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Research Papers: Lubricants

Understanding Friction Behavior in Automatic Transmission Fluid LVFA Test: A New Positive Curve Parameter to Friction Coefficient Ratio Index Evaluation

[+] Author and Article Information
Hongyuan Zhao

Institute of Engineering Thermofluids, Surfaces and Interfaces (iETSI), School of Mechanical Engineering, University of Leeds, Woodhouse Lane, Leeds LS2 9JT, UKh.zhao@leeds.ac.uk

Ardian Morina, Anne Neville

Institute of Engineering Thermofluids, Surfaces and Interfaces (iETSI), School of Mechanical Engineering, University of Leeds, Woodhouse Lane, Leeds LS2 9JT, UK

John Durham

 Lubrizol Limited, P.O. Box 88, Belper DE56 1QN, UK

Richard Vickerman

 The Lubrizol Corporation, 29400 Lakeland Boulevard, Wickliffe, OH 44092-2298

J. Tribol 133(2), 021802 (Mar 22, 2011) (9 pages) doi:10.1115/1.4003480 History: Received March 30, 2010; Revised December 22, 2010; Published March 22, 2011; Online March 22, 2011

The frictional characteristics of some basic additive systems used in automatic transmission fluids (ATFs) were assessed using a variable speed friction test machine. The test evaluates the coefficient of friction in unidirectional sliding contact over a range of speeds, loads, and temperatures. Tests were performed on a steel-versus-clutch friction material tribocouple, mainly to establish the link between the lubricant/surface interactions and additive system performance. A new parameter that measures the positive μ-v curve slope speed range was applied, together with friction coefficient ratio index, to show the antishudder property. It is suggested that this is a good complimentary method to the friction coefficient ratio index evaluation. Lubricant formulation is important to the overall friction performance. Both friction modifiers and detergents are shown to be important to the ATF antishudder performance. Oil absorption ability of the post-test friction material surface is proposed to be an important parameter to indicate the antishudder durability in the test. The detergent and antiwear agents are also suggested to be responsible for the decreased oil absorption and pore plugging of the friction material surface.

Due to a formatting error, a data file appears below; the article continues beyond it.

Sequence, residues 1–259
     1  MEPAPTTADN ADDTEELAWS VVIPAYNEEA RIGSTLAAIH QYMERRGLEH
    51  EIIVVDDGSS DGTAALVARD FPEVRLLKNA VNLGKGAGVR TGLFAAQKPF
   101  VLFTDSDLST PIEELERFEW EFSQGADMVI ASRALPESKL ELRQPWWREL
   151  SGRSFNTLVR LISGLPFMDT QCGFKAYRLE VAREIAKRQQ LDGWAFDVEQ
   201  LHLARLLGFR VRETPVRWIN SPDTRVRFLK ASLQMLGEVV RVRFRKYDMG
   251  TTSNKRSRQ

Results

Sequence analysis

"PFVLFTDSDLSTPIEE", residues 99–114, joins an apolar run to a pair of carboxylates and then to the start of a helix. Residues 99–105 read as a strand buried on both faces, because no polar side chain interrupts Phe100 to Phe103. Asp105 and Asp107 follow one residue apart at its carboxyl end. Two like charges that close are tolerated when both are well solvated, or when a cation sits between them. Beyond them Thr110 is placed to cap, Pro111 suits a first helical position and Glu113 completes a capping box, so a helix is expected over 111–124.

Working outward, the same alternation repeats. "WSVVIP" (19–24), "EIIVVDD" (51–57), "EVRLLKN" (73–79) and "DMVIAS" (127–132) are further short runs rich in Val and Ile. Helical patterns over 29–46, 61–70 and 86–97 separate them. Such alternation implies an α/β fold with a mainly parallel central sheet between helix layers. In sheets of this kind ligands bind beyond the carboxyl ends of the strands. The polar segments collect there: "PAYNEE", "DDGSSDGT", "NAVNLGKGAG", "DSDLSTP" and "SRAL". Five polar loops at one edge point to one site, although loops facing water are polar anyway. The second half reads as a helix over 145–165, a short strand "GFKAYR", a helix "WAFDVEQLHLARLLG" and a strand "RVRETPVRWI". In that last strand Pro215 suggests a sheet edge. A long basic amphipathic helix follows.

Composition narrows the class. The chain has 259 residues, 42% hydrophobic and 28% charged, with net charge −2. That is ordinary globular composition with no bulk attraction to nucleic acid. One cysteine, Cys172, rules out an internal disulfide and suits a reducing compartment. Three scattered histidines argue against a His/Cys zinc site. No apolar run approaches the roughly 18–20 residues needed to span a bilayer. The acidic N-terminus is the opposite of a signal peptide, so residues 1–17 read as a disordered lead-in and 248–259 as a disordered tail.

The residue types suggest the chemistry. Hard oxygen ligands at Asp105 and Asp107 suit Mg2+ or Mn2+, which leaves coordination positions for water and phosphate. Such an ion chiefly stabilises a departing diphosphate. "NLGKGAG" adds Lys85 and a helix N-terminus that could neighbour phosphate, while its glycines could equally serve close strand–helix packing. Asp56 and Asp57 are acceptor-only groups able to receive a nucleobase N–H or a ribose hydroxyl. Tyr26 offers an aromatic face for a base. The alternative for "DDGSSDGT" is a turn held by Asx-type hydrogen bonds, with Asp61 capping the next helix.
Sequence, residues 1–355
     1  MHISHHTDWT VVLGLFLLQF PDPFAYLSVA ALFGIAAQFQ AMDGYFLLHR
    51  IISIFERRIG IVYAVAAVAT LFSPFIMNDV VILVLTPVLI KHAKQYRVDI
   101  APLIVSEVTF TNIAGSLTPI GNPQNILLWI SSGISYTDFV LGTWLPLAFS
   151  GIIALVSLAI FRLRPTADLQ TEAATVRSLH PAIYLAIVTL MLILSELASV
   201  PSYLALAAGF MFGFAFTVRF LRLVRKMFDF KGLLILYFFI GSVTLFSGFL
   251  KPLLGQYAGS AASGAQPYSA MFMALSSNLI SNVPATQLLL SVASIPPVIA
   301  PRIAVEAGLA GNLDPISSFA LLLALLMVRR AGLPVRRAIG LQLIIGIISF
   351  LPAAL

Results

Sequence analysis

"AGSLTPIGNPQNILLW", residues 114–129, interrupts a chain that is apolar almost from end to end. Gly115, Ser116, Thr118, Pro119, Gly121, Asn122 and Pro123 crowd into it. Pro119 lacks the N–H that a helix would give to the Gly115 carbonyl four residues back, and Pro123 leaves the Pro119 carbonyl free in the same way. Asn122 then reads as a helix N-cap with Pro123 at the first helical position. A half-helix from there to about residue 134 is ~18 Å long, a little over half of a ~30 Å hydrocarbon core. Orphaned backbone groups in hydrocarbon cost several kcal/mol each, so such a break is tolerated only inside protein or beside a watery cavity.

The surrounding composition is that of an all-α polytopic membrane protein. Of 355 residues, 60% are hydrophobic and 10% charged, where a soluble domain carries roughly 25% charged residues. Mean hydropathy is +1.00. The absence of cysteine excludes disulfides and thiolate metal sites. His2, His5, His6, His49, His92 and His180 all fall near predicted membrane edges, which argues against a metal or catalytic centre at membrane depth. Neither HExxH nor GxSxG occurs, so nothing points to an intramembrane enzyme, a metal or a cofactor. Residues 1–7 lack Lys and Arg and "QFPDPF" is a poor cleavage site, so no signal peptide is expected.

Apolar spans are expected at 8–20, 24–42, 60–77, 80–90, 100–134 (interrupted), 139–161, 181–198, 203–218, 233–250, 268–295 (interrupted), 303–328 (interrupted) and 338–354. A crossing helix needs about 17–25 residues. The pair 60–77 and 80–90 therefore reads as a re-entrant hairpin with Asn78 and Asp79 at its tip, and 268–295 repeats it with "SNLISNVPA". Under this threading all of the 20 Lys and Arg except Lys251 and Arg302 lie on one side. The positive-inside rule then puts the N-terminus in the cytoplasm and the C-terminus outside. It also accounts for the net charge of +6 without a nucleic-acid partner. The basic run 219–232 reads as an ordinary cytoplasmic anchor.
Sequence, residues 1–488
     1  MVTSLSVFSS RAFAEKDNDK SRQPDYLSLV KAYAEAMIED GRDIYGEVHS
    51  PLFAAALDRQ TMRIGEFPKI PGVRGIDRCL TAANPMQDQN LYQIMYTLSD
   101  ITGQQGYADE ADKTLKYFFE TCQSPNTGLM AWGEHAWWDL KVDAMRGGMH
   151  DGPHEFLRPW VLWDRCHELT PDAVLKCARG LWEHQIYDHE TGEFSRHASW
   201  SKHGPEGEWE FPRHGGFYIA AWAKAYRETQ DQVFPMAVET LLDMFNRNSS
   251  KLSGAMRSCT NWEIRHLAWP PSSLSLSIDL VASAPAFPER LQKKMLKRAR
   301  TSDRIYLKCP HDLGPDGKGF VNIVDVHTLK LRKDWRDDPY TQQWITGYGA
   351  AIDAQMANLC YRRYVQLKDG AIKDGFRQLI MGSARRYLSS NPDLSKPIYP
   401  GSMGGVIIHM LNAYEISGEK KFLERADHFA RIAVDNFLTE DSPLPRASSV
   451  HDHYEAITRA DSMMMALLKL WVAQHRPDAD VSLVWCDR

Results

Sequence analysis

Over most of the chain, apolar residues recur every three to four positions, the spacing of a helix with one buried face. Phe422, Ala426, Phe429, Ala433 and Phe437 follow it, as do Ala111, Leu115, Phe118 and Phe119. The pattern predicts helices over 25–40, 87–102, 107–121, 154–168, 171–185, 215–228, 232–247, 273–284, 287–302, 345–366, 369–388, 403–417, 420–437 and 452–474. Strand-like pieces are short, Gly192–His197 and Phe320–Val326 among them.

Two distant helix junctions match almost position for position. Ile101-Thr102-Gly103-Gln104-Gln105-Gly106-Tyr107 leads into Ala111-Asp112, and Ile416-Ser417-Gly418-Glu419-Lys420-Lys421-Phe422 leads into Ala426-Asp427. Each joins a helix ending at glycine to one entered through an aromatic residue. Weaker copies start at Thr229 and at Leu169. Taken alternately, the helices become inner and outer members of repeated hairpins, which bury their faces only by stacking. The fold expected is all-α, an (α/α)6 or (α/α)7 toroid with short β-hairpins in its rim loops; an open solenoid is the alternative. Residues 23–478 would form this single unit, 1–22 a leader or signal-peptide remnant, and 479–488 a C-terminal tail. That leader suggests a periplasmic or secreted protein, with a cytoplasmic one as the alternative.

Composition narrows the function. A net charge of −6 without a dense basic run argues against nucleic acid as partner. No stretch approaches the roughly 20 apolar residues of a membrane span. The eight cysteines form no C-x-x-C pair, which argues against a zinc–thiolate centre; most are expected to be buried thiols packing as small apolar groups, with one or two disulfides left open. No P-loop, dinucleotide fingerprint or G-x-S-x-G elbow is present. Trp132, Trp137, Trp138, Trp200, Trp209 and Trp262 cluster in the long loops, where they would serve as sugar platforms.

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Copyright © 2011 by American Society of Mechanical Engineers
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Figures

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Figure 1

VSFT test sample pieces

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Figure 2

VSFT test steel annulus and friction material plate configuration

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Figure 3

VSFT test sequence

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Figure 4

Two antishudder property evaluation methods

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Figure 5

Antishudder property comparison of the oils based on both μ1/μ50 friction coefficient ratios and friction curve analysis methods

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Figure 6

Four oils’ LVFA result comparison at 8 h, 27°C

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Figure 7

Antishudder performances durability results of four oils

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Figure 8

3D-Talysurf results of fresh and post-test sample surfaces

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Figure 9

ESEM images of fresh and post-test sample surfaces

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Figure 10

Oil absorption results of post-test friction material samples

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Figure 11

Post-test sample surface XPS results C 1s peak fittings

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